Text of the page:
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DSD late and non-payments leaves local NPOs in dire financial straits

Commissioner Street in Johannesburg was closed down by NPOs as they did not receive any funds from the Social Development Department for two months and the Gauteng Crisis Committee has escalated the matter to High Court.

NPOs in Gauteng gathered to express their displeasure with the funding delays of the provincial Department of Social Development (DSD), despite a meeting with Gauteng premier Panyaza Lesufi where he intended to address the problems.

This comes as some NPOs retrenched staff and closed their doors because of delays in receiving funding, while the DSD scrambles to finalise the signing of service level agreements (SLAs).

The department’s budget was slashed by R233m in March. This caused frustration in the different NPOs, as they had to keep their services running to the public, even though DSD did not provide them with much-needed funds for two months.

According to the CEO of St Mary’s Children Home, Sonja Harmse, this unfortunate situation caused by DSD has increased their workload and has a major effect on their stress levels because they are the ones who have to keep the ship afloat, no matter. The matter has had them as an NPO saying no to things they normally offered to their beneficiaries because they need to preserve what they have in order to last longer.

“We have managed to keep the ship afloat by asking for donations, hanging in on faith, constant prayer, advocating and lobbying with action groups. Also, we sold unnecessary furniture/goods but are close to reaching a stage where all our extras will be depleted,” Harmse said.

No funds despite promises

Furthermore, Harmse said if DSD continues with the delays, their organisation, which existed for 122 years, cannot continue to offer the holistic and needed support to orphans and vulnerable children of all races.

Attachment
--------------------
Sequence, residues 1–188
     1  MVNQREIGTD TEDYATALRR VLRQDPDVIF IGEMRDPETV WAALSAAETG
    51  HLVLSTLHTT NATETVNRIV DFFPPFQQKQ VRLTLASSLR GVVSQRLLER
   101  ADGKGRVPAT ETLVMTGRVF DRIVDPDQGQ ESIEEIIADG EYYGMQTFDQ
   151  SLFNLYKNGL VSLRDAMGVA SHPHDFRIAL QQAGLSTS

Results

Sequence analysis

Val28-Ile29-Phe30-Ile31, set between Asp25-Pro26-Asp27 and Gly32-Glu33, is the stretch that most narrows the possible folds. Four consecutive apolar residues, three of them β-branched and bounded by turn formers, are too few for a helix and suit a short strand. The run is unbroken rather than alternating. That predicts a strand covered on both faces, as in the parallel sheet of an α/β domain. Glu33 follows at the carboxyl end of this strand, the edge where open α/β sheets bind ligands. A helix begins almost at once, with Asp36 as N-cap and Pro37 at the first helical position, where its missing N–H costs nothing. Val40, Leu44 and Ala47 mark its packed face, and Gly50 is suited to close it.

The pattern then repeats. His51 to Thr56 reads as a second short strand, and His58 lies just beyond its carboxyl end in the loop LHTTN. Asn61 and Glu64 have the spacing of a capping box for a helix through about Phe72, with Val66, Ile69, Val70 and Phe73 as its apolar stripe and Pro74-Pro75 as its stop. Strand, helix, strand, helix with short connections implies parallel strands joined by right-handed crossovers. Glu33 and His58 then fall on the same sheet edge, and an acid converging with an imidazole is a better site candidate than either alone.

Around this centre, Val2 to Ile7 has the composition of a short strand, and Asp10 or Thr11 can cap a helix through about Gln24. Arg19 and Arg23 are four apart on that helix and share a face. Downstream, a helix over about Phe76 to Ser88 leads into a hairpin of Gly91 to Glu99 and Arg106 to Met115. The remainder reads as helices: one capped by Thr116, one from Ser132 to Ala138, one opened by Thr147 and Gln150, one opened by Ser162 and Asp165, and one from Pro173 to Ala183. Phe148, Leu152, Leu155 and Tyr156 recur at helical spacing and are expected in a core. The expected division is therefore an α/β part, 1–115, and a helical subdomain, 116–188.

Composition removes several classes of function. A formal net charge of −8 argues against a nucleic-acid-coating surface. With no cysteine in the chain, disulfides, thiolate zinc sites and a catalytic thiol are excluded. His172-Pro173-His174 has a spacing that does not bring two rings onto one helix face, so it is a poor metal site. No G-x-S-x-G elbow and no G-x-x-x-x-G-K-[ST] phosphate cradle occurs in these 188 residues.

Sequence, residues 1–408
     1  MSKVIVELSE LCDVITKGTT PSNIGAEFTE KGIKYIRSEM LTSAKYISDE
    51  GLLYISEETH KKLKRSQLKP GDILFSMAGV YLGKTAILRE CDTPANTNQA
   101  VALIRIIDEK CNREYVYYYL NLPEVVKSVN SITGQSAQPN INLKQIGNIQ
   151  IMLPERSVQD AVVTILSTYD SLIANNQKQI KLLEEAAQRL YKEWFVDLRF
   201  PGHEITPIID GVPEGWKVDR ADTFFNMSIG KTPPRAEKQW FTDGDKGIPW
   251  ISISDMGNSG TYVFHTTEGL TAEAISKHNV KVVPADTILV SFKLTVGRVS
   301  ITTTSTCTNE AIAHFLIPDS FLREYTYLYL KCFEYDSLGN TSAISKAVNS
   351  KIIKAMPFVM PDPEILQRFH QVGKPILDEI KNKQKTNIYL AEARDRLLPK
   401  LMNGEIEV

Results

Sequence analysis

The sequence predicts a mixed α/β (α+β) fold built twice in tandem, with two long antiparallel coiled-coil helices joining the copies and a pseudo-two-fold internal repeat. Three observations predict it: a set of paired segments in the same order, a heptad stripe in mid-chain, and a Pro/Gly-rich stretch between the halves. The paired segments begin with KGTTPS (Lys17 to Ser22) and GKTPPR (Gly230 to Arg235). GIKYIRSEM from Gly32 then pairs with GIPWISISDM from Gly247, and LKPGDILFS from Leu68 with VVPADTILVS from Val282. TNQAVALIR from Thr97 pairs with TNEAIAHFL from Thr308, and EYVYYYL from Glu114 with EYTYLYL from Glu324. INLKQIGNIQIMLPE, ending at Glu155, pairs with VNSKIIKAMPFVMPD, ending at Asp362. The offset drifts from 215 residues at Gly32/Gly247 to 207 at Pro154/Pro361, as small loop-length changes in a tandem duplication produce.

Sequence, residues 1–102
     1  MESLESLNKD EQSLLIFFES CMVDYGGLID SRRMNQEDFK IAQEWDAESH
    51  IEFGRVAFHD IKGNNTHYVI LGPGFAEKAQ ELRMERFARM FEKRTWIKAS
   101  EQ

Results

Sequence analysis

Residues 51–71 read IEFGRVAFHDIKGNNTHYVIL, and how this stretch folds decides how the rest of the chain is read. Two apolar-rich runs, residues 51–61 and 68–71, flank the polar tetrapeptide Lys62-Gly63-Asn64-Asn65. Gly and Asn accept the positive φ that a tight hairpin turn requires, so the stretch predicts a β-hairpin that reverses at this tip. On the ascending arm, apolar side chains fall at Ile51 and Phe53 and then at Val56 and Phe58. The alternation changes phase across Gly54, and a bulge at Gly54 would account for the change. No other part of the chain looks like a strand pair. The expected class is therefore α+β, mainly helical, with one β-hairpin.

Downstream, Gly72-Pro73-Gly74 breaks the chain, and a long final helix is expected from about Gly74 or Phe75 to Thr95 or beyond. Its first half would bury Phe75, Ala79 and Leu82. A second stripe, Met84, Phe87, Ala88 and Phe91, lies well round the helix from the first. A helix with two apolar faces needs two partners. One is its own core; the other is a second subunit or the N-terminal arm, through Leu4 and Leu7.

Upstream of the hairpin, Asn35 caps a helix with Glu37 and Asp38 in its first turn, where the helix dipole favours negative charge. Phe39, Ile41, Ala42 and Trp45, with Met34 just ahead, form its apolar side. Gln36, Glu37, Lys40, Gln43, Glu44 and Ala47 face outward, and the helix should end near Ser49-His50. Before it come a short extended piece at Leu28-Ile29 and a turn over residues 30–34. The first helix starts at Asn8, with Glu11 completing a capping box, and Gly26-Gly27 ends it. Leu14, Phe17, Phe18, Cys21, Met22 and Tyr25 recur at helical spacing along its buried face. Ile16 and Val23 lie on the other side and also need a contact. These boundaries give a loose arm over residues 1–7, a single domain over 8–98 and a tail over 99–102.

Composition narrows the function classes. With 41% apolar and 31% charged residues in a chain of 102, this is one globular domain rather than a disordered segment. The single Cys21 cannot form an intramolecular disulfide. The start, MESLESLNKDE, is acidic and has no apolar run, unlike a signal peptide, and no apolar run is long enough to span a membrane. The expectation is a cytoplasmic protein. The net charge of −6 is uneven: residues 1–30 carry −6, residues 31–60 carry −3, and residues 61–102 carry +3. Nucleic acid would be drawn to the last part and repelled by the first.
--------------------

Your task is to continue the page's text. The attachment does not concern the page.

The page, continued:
Affected NPOs gathered in Gauteng Department of Social Development following delayed funds.

On May 14, during a meeting with members of NPOs and two members of her executive, Mbali Hlophe, the MEC for Social Development, and Jacob Mamabolo, her finance counterpart, Lesufi declared the budget will be reinstated, and they had prioritised immediate reimbursement to the NPOs.

However, to date, the stakeholders from the various NPOs that were protesting confirmed that they did not receive any funds.

Acting director of the stakeholder relations of DSD, Khosi Radebe, said Lesufi was in a meeting with relevant stakeholders as the protesters were protesting to resolve the matter.

“The reason behind the delayed payments is that we have launched a new system for payments and are still verifying all NPOs we have listed still exist and abide by our rules and regulations,” Radebe said.

Digging deep to keep going

The Comaro Chronicle also spoke to Nkosi’s Haven CEO based in the Johannesburg south on how this impacted their organisation.

According to Nkosi’s Haven CEO, Gail Johnson, DSD does not fund them. However, they have outreach programmes that assist local NPOs to deliver their services fully to their beneficiaries.

“During this DSD non-payment period, we had to strengthen our hands even further to the NPOs that we normally help as they were facing difficulties in providing full services to their people.

“As Nkosi’s Haven, we have witnessed the pain the DSD-funded organisations were going through as they also had to dig in their personal pockets to keep their services going,” she said.

By the date of publication, NPOs confirmed with the Southern Courier / Comaro Chronicle that they had not received funds from DSD nor had they signed the SLAs.

The Gauteng Crisis Committee took the matter to Johannesburg High Court to ask for assistance on May 22.

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